November 8, 2007

Digging in for diversity

Overton Bottoms Tree Planting
November 3, 2007
Big Muddy National Fish & Wildlife Refuge

text by Steve Schnarr, photos by Melanie Cheney
(Note: The hardwood trees we planted were donated by Living Lands and Waters ( and Forrest Keeling Nursery. The native bottomland shrubs were purchased at more than 50 percent discount from Missouri Wildflower Nursery. Refuge staff selected the site and species and mowed the area. Friends of Big Muddy and Missouri River Relief coordinated the event. 37 volunteers from Kansas City, Orrick, Columbia, Rocheport, Lupus & Boonville planted the trees)

We drove down the steep hill from the cabin, crossed the railroad tracks, and drove across the bottoms. A light frost, soon to melt, blanketed the grass and the table we had set up the day before.

Just as the gloves, t-shirts and coffee were laid out, the first volunteers started to arrive. The immediate task at hand was wrapping the trunks. 150 trees were wrapped by a growing army. Another group grabbed shovels and headed down into the lower terrace with refuge Asst. Manager Barbara Moran to plant shrubs: elderberry, rough-leaved dogwood, false indigo & buttonbush.

A trailer was loaded with wrapped trees and pulled through the planting, with a couple folks unloading five trees at a time into small clumps. The trees got laid out in a grid (for easy mowing…not natural aesthetics…) and pretty people split into pairs and were planting away.

Looking across the planting field, scattered with young oaks and backs bent putting them in the ground, the background was a dark line running five feet high throughout the woods edging the bottom. The line marks the height of this spring's flood, serving as a reminder that any messing around we do in these bottoms is subject to the whims of the river herself.

The morning was perfect down in the valley. The sugar maples along the bluffs were at peak color, brightening as the morning went on. It was quick work, and soon we realized…we’re done.

37 folks took part, including some very small children who did everything from gathering empty pots and flags to patting down the soil around the young trees.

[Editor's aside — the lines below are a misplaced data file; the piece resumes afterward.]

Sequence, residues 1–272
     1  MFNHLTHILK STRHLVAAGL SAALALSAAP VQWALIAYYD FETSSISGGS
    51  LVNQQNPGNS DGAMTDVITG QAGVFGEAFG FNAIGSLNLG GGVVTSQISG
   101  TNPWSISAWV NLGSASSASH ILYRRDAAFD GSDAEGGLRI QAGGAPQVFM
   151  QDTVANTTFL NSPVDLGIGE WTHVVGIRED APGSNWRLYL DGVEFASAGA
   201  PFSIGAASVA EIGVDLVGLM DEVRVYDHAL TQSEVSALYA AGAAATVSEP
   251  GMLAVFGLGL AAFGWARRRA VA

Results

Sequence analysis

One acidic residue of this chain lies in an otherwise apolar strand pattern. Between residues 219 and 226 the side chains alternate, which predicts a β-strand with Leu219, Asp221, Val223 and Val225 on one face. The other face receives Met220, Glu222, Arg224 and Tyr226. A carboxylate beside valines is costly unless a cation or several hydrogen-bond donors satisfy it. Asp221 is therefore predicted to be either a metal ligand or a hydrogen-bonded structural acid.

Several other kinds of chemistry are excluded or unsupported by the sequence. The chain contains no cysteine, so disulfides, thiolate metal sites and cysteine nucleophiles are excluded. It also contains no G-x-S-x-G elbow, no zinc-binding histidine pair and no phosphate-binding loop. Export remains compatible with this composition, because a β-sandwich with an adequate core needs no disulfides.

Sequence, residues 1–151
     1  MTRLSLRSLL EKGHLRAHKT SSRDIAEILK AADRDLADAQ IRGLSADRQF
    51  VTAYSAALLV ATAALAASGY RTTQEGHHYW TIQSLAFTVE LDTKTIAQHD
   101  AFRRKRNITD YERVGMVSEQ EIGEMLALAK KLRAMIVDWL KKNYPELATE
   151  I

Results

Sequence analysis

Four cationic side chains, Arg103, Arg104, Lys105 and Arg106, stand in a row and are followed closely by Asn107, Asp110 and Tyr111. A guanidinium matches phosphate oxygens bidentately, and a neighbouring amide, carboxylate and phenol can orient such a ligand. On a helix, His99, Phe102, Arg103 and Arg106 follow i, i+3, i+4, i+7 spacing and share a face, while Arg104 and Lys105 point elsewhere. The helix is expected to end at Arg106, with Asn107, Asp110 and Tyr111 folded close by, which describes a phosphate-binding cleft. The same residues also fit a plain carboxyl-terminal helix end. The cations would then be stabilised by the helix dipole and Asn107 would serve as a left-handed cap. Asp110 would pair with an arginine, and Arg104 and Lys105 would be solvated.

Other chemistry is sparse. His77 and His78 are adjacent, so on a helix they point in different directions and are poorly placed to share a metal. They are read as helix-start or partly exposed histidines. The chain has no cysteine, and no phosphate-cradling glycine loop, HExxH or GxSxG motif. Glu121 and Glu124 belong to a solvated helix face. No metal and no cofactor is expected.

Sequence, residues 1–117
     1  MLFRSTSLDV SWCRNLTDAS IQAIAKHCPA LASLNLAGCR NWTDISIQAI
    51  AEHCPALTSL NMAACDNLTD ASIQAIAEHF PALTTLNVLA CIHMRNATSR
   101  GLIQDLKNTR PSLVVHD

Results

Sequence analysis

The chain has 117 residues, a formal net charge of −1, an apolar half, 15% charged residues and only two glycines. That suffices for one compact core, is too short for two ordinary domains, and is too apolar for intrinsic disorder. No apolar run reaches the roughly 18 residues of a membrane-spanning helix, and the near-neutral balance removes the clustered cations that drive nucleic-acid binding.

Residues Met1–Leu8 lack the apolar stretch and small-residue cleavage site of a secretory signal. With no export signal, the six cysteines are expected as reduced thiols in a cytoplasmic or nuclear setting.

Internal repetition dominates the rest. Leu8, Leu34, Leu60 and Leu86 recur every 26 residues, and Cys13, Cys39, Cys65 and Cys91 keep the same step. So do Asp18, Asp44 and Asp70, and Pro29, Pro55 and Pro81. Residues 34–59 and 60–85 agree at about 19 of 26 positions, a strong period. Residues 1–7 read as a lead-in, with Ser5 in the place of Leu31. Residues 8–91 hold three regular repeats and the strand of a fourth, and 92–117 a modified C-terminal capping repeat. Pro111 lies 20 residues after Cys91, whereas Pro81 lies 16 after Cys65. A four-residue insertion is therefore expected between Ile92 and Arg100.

The effort was symbolic. Another new tract of land had just been added to the Big Muddy Refuge, and here was a bunch of river loving folks showing up early on a Saturday morning to help shape it. As the last pots and flags were gathered up, most of the folks went with refuge Asst. Manager Barbara Moran and Troy Gordon of Friends of Big Muddy for a walk down to the river, passing through the thick, new cottonwood forest, patches of older forest and past several scour hole ponds created in the 93 flood and continuing to harbor waterfowl throughout the winter season.

We met back at the beautiful blufftop cabin for lunch and a presentation on the refuge. Everyone still had energy and time to enjoy the beautiful fall day.

Click here to check out the great Columbia Tribune article on the day!

Restoring what?

Overton Bottoms Tree Planting
November 3, 2007
Big Muddy National Fish and Wildlife Refuge

text by Steve Schnarr, photo by Melanie Cheney
These tree plantings are often called restorations, but that is probably the wrong word for what’s happening. If you want trees to grow in most places of these bottoms, you just stop mowing. You’ll get trees – you don’t have to plant them. These hardwood plantings are actually a real artificial attempt to bring something back to the area that nature rarely, but importantly, provided before historic times.

The situation on the ground now is that a majority of land on the refuge is undergoing a rapid natural succession cycle. There are patches of older forest, but most of the visible bottomland is cottonwood, willow, silver maple and sycamore grown up since the 95 flood. It’s a race for sunlight, and these fast growing trees are tall and slender. Only the oldest trees have branches that stretch out into the forest.

Those trees that get crowded out die and fall to the ground. The forest floor is criss-crossed with logs, branches and fallen vines – slow-release fertilizer for the future. In this scramble for the sky, slower growing trees like oaks don’t have a chance. When the river ran free across the bottoms, accumulating patches of disturbance, varied soils and topography, trees like oaks and hickories found places where they could get a foothold. In this new situation, where suddenly thousands of acres of land are being taken out of cultivation and allowed to grow up in trees, where are these footholds?

So humans make decisions, based on a lot of ecologically irrelevant reasons (like property boundaries, previous land uses and available funds), to artificially bring a little diversity to the equation. History and old survey lines show that there were rare pockets of oaks throughout the Missouri River bottomlands, attracting their own mix of wildlife. Most of these were logged for firewood, to fuel steamboats and as railroad ties. Occasional pockets of pecans were found in the Missouri River bottoms. Some speculate that these were all planted by Native Americans who saw how useful and flood tolerant they were.

So, once again, nature and human intention are mixing. It’s yet another time of rapid change in the Missouri River bottoms, and once again, people and the many forces of nature are in a push-pull effort. We just hope that this time, our efforts will help and not harm.